I suppose the best example is to tell you how something that we just take for granted, going to a hotel, is so vastly different here. When we traveled around Islamabad and returned back to our hotel, the first thing that happens is our car pulls up to a gated area, and about eight or 10 armed men circle the car.

They then start asking questions of us inside the car. They pop the hood. They look under the hood to make sure there's no explosives under the hood. They look under the carriage of the car. They check the back of the car.

And then we proceed to the next checkpoints. We get to the next checkpoint and they check us out. And even after we get out of the car, we have to go through a metal detector like you see at airports in the United States.

And then you go a distance and you head up to the lobby of the hotel and you hit another identical metal detector to see whether or not you're carrying any sort of explosives.

Now, it makes sense for them to be doing this because about 13 months ago at the Marriott hotel here in Islamabad, there was an explosion and more than 50 people were killed. So you feel the sense of urgency, the sense of fear, and you feel at war just trying to maneuver around the city.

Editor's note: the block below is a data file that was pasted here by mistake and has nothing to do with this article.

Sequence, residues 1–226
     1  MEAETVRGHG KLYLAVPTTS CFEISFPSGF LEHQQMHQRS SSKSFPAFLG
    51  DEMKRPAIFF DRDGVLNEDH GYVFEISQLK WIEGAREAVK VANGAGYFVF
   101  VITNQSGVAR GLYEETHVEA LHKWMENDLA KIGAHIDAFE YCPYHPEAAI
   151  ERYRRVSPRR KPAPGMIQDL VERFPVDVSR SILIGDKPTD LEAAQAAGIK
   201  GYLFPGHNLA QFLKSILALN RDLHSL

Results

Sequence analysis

Earlier today, Scott Heidler, who works for the FOX News Channel here in Islamabad, took us to a market. And we took a look around the market, and that is also another target for terrorists.

We specifically went when the market wouldn't be crowded. A lot of people were off doing their prayers when we went, because when a market is crowded, that's when terrorists know they can get their biggest bang for their bomb. So that's when these markets are incredibly dangerous.

But we wanted to get a taste of what these markets are like, and so we spent the afternoon looking at the markets.

And of course earlier today we had our interview with Secretary of State Hillary Clinton, which we will air "On the Record" on Monday night. She had some strong words h ere in Islamabad for the Pakistanis. A lot of Pakistanis didn't like what they heard from the secretary of state. You'll hear her interview on Monday.

And we are now headed to Berlin to interview President Bush 41.